For thirty five years Farley prospered in a profession that had few black men When four white ...

Article

Donna M. Wells

artist, photographer, and entrepreneur, was born in Alexandria, Virginia, to Thomas Freeman and Sarah Freeman. Following his father's death, in 1877 he and his sister Delilah moved with their mother to Washington, where Freeman attended Washington, D.C., public schools and excelled in drawing and painting. It is not known if he finished high school. He held a variety of jobs, including laborer and waiter, to help support the family.

In 1885, at the age of seventeen, Freeman started to advertise his services as a painter in addition to art framer and bicycle repairman. Gradually he began to pursue a career as an artist and photographer. His early work consisted of pastel drawings of Washington's elite African American community. His most famous portraits were of the Washington lawyer John Mercer Langston, completed in 1893, and of the abolitionist Frederick Douglass in 1895 That ...

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Blake Wintory

photographer, politician, sheriff, assayer, barber, and lawyer, was born a slave in Carroll County, Kentucky. William Hines Furbush became a member of the Arkansas General Assembly as well as the first sheriff of Lee County, Arkansas. His Arkansas political career began in the Republican Party at the close of Reconstruction and ended in the Democratic Party just as political disfranchisement began.

Little is known about Furbush's early life, though his literacy suggests a formal childhood education. Around 1860 he operated a photography studio in Delaware, Ohio. In March 1862 he traveled to Union-controlled Helena in Phillips County, Arkansas, on Kate Adams and continued to work as a photographer. In Franklin County, Ohio, that December he married Susan Dickey. A few years later, in February 1865 he joined the Forty second Colored Infantry at Columbus Ohio He received an honorable discharge at the ...

Article

John V. Jezierski

Wallace L. Goodridge (4 Sept. 1840–3 Mar. 1922), and William O. Goodridge (28 May 1846–17 Aug. 1890), photographers, were born in York, Pennsylvania, three of seven children of William C. Goodridge and Evalina Wallace. Among the first African Americans to work as professional photographers, Glenalvin J. Goodridge in 1847 established a studio in York that Wallace L. Goodridge and William O. Goodridge continued to operate after 1863 in Saginaw, Michigan, until Wallace's death in 1922. During three-quarters of a century the Goodridge brothers experimented with all forms of photography, from daguerreotypes and ambrotypes in the 1840s and 1850s, to X-ray images and motion pictures in the early twentieth century. Their portrait, landscape, and stereoscopic images gained the studio both national and international recognition.

The sons success was due in part to the energy and enterprise of their father a slave descendant of the Carrolls ...

Article

M'Lissa Kesterman

photographer, was born in Madison, Indiana, one of six children of Alexander A. Hunster, a barber, and Catherine Campbell Hunster. The Hunsters were both free blacks whose families had left the South in the mid- to late 1830s.

When Richard was only a few years old the Hunsters moved to Portsmouth Ohio where his father was employed as a barber aboard an Ohio River steamboat There is limited information available about Hunster s early life but his family apparently lived comfortably in Portsmouth Hunster and his siblings attended school although their education was probably limited to the elementary grades Growing up in a town along the river and having a father who worked on a steamboat Hunster no doubt visited the Portsmouth wharf regularly and marveled at the big paddle wheelers that plied up and down the Ohio River These childhood images of steam rising from the ...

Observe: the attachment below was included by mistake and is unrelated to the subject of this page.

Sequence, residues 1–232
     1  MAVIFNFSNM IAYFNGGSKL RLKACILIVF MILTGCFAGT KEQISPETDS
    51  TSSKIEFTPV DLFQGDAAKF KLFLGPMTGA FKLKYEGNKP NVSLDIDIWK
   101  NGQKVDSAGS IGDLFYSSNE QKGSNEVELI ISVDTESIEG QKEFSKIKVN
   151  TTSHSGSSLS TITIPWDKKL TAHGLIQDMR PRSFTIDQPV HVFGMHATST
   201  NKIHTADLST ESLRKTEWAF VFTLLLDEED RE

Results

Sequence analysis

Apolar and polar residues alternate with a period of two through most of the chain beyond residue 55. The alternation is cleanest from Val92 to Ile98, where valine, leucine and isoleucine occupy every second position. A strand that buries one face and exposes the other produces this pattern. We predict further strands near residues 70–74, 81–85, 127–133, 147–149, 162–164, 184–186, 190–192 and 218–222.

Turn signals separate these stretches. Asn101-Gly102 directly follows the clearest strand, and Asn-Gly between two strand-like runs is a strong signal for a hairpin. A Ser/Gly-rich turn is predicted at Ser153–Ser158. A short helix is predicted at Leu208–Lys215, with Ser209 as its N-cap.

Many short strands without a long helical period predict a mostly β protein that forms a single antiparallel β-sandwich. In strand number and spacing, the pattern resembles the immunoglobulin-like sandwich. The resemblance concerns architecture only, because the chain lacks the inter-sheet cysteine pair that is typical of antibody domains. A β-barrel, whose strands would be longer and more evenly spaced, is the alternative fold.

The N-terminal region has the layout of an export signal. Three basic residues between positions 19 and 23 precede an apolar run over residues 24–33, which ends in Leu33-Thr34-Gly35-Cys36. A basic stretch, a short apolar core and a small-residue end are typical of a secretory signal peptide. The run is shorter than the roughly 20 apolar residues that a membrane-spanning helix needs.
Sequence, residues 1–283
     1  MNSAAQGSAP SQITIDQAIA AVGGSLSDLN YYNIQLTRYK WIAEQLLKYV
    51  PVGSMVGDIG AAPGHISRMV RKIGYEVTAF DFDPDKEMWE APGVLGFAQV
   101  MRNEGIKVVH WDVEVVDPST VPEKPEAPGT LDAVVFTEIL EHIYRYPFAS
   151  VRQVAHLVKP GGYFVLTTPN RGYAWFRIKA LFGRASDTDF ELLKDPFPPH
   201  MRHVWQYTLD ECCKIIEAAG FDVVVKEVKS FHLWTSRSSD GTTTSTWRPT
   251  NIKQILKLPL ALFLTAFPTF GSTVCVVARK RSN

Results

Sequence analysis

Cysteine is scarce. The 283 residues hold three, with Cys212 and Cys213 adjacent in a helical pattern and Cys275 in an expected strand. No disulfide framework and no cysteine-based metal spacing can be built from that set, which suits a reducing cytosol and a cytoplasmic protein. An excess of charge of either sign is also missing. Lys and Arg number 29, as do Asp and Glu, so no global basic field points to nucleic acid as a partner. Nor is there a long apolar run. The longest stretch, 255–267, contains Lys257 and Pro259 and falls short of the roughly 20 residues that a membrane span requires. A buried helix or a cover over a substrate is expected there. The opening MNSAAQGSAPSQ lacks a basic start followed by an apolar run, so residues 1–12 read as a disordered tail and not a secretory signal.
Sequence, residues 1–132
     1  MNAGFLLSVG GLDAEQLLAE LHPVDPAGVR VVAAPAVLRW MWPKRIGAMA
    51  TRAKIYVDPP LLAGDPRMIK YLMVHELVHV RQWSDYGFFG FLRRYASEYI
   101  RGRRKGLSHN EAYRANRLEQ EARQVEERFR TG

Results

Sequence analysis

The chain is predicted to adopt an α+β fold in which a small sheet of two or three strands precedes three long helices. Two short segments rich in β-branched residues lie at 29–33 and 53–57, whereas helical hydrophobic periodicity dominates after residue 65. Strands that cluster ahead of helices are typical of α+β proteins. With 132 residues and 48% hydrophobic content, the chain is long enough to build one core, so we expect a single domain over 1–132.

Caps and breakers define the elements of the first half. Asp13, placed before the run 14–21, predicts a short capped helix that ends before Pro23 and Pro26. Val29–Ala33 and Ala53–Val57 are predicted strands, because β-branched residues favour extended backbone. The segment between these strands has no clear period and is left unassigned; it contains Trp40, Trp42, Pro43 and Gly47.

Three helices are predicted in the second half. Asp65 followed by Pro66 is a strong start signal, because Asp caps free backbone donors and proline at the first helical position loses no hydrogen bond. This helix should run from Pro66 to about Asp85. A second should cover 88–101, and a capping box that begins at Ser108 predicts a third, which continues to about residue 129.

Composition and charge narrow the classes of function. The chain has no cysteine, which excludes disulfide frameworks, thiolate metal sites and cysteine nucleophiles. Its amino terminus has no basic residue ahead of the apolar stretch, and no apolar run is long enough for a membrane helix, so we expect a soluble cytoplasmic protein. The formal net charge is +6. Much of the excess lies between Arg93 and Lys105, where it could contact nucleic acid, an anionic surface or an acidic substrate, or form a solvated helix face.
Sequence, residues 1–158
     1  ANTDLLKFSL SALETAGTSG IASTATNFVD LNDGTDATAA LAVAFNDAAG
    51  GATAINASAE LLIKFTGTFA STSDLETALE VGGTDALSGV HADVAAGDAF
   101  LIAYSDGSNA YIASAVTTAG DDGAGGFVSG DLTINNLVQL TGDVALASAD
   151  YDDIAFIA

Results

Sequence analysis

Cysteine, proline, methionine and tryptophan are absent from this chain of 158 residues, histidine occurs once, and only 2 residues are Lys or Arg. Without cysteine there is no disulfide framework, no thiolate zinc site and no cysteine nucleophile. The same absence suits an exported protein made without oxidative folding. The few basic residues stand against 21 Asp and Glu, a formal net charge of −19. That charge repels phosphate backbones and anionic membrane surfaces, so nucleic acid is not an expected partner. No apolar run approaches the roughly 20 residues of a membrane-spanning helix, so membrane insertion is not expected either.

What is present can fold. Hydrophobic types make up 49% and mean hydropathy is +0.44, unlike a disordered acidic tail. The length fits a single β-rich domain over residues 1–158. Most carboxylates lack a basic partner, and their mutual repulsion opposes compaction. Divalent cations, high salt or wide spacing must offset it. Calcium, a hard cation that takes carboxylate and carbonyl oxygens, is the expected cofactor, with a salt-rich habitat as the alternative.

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Carla Williams

As subjects, photographers, and workers in the photographic field, black women have participated in the medium of photography since its introduction in 1839. Immediately after the announcement of this democratic new medium, photography gained a particular stronghold in the United States, a young nation eager to see itself pictured. To date, scant evidence of black women photographers in the nineteenth century has been uncovered, although one can reasonably hypothesize that black women occupied some of the same roles that white women did in early photographic endeavors—as studio attendant, the person who would prepare subjects for their sittings; as darkroom assistant, helping the photographer to prepare and process his plates; or as photo finisher, adding hand coloring and other enhanced effects to the finished plate or print.

As photographic subjects however black women were very savvy about the new medium and its powers of communication Probably the most famous relationship ...

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Jacqueline M. Smith

African Americans began producing and exhibiting photographs the year after photography's inception in 1839. Long-standing creators and consumers of visual technologies, blacks have used photography to document and explore the diversity of African American experiences.

The sociopolitical dynamics of legalized slavery, antiblack sentiments, and economic expense limited enslaved persons’ opportunities to capture or commission their likenesses—the visual rendering of the original subject or what we now consider a photograph. Despite institutional limitations placed on blacks’ physical and economic agency, free persons of color such as Sojourner Truth (c. 1797–1883), an antiracism activist and feminist suffragist, and Frederick Douglass (1818–1895), a prominent abolitionist and newspaper editor, circulated their photographic likenesses in the form of cartes de visites and cabinet-card portraits. Similarly circumventing U.S. racial segregation, James Presley Ball (1825–1905), Augustus Washington (1820–1875 and the Goodridge brothers active 1860s 1880s were among the ...